Domino's Pizza v. McDonald (02/22/2006): The Court holds (unanimously) that a plaintiff who lacks any rights under an existing contractual relationship with the defendant, and who has not been prevented from entering into such a contractual relationship, cannot bring suit under 42 USC Section 1981. Domino's Pizza had entered into several contracts with JWM Investments, a corporation.. McDonald, an African-American, was an officer and the sole shareholder the JWM corporation. McDonald personally was not a party to the contracts. McDonald sued Domino's claiming that Domino's terminated its contracts with JWM because of race. The suit was brought under 42 USC Section 1981 which provides that "All persons within the jurisdiction of the United States shall have the same right ... to make and enforce contracts ... as is enjoyed by white citizens."
Empire HealthChoice v. McVeigh (06/15/2006): Under the Federal Employees Health Benefits Act, the US Office of Personnel Management (OPM) negotiates health benefit plans for federal employees. OPM contracts with Blue Cross to provide a nationwide health plan, and Empire administers the plan in New York. McVeigh's decedent was injured and received medical benefits under the plan, and later McVeigh recovered a settlement against third parties who allegedly caused the injuries. Empire sued McVeigh in federal court seeking reimbursement, and asserting jurisdiction under 28 USC Section 1331 (actions arising under the laws of the United States). The Court held that federal courts do not have jurisdiction under Section 1331. Empire's claim was based on provisions in the contract between OPM and Blue Cross, and is governed by state law. Empire's claim is not a creature of federal law.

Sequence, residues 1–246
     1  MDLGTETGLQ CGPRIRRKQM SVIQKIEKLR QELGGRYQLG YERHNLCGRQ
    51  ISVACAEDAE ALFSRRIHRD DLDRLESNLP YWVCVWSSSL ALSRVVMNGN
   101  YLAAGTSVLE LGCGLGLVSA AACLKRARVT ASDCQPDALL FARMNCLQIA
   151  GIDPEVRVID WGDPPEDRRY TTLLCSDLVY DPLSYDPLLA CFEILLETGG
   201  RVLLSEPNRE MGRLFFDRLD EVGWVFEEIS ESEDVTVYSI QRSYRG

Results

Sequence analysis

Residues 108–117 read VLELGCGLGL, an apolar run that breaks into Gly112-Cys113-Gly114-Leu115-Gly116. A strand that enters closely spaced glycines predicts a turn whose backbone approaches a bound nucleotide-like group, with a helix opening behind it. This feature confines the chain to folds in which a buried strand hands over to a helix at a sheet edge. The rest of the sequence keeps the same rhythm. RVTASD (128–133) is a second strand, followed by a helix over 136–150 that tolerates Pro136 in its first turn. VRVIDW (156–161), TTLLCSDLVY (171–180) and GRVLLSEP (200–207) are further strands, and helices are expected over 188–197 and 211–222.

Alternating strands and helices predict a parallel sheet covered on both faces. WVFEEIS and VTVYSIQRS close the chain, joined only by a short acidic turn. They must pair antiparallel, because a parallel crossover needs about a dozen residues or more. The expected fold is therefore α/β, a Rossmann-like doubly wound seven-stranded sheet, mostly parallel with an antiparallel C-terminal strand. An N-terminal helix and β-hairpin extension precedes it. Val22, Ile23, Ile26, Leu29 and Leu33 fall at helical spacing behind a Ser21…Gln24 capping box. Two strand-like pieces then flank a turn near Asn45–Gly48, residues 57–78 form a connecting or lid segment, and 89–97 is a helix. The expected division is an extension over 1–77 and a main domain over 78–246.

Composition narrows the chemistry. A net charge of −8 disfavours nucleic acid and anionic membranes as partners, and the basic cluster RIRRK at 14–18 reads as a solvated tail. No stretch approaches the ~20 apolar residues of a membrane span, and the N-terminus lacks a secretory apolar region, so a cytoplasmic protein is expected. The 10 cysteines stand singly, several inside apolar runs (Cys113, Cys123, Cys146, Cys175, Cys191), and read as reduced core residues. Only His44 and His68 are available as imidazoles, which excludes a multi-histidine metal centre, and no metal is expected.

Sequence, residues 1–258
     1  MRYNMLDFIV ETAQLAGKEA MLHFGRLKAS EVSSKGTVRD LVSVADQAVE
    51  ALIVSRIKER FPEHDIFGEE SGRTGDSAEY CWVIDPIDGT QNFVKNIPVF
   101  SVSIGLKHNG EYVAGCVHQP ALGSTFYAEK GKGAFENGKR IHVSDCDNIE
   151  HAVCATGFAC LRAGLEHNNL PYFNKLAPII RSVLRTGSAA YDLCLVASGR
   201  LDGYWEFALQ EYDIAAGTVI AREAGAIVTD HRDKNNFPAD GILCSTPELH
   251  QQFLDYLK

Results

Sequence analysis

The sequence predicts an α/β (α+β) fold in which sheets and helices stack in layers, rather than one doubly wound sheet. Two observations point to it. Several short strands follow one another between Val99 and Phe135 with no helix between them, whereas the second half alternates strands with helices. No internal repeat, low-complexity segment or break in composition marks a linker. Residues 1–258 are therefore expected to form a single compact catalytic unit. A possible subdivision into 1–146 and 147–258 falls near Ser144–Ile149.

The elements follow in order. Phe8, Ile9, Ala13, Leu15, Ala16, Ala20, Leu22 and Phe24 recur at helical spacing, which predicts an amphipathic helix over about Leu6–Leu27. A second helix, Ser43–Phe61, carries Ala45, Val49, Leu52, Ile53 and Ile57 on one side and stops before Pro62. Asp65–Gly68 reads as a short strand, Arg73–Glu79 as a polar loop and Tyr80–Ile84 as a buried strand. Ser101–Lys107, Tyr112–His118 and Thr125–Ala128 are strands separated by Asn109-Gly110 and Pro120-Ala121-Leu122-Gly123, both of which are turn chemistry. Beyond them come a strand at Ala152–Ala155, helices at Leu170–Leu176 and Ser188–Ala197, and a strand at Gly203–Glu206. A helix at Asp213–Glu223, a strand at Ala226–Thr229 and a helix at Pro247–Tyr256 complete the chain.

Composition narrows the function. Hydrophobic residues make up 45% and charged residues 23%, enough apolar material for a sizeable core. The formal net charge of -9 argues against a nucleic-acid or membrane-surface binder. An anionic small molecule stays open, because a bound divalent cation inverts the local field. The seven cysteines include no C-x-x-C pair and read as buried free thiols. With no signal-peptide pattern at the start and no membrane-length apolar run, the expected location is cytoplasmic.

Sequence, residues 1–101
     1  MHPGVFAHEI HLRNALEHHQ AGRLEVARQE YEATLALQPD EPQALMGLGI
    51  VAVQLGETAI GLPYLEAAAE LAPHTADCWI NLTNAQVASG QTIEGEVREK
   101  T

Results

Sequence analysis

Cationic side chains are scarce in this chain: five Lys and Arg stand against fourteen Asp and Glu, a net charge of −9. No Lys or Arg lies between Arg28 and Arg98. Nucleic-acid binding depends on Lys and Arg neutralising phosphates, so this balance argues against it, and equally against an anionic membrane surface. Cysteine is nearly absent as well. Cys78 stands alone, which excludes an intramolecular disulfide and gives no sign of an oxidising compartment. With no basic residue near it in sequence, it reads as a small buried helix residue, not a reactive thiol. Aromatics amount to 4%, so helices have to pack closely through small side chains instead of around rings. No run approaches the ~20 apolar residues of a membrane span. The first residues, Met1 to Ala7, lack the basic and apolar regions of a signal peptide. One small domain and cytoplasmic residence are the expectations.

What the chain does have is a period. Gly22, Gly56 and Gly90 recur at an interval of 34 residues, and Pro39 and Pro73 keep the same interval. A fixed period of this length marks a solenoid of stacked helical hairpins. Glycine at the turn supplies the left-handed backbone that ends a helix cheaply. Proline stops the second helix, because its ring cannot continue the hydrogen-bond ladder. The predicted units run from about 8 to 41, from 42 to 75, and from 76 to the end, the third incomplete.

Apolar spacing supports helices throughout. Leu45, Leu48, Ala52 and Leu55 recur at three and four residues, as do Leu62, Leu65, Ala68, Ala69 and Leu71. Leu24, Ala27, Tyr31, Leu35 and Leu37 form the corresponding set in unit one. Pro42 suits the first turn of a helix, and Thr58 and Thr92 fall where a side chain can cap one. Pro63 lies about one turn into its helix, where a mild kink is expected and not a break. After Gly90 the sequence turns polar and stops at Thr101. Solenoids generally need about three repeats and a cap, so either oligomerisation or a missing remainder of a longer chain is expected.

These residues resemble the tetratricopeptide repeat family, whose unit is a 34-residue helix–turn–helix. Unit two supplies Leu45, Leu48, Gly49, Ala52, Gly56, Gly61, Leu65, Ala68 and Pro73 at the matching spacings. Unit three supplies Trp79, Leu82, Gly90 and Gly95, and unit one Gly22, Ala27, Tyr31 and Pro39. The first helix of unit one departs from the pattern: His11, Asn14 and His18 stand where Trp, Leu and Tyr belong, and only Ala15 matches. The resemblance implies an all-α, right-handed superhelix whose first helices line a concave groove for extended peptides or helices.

Howard Delivery Service v. Zurich American Ins (06/15/2006): An employer went bankrupt, owing unpaid workers compensation insurance premiums to its insurer. The Court held that workers compensation premiums were not unpaid "contributions to an employee benefit plan" under 11 USC Section 507(a)(4), and thus were not entitled to a priority in bankruptcy.
RICO - Employee v. employer RICO case sent back to 11th Circuit.
Mohawk Industries v. Williams (06/05/2006): The Court did not decide this case, and remanded it to the 11th Circuit for reconsideration in light of Anza v. Ideal Steel Supply Corp (US Supreme Court 06/05/2006).
Federal Employees - Civil Service Reform Act jurisdiction case sent back to the 9th Circuit.
Whitman v. Department of Transportation (06/05/2006): The Supreme Court said that the 9th Circuit was correct in saying that the Civil Service Reform Act does not confer federal court jurisdiction. However, 28 USC Section 1331 confers jurisdiction over "all civil actions arising under the Constitution, laws, or treaties of the United States." Therefore, the question is not whether the Civil Service Reform Act confers jurisdiction, but whether it removes the jurisdiction granted by Section 1331. This, in turn, may require findings as to whether Whitman's allegations state a "prohibited personnel practice." The Court remanded for consideration of this issue, and suggested several other issues that may be addressed on remand.
In the following case the United States Supreme Court has granted certiorari to review the decision of a lower court. Subscribers to Employment Law Memo receive a summary of the decisions on the same day the decisions are announced.
Title VII statute of limitations - How does Title VII's 180-days statute of limitations apply to periodic paychecks alleged to be discriminatory?
Ledbetter v. Goodyear Tire & Rubber (No. 05-1074): Ledbetter claimed her employer paid her a smaller salary than it paid male co-workers because of her sex. Her periodic paychecks were based on annual salary reviews over a period of several years. The 11th Circuit held that her claim was time barred because she could not prove intentional discrimination in either (1) the one decision during the limitations period or (2) the last decision preceding the limitation period. The US Supreme Court will review the 11th Circuit decision during its 2006 Term which begins in October. Decision below: Ledbetter v. Goodyear Tire & Rubber (11th Cir 08/23/2005).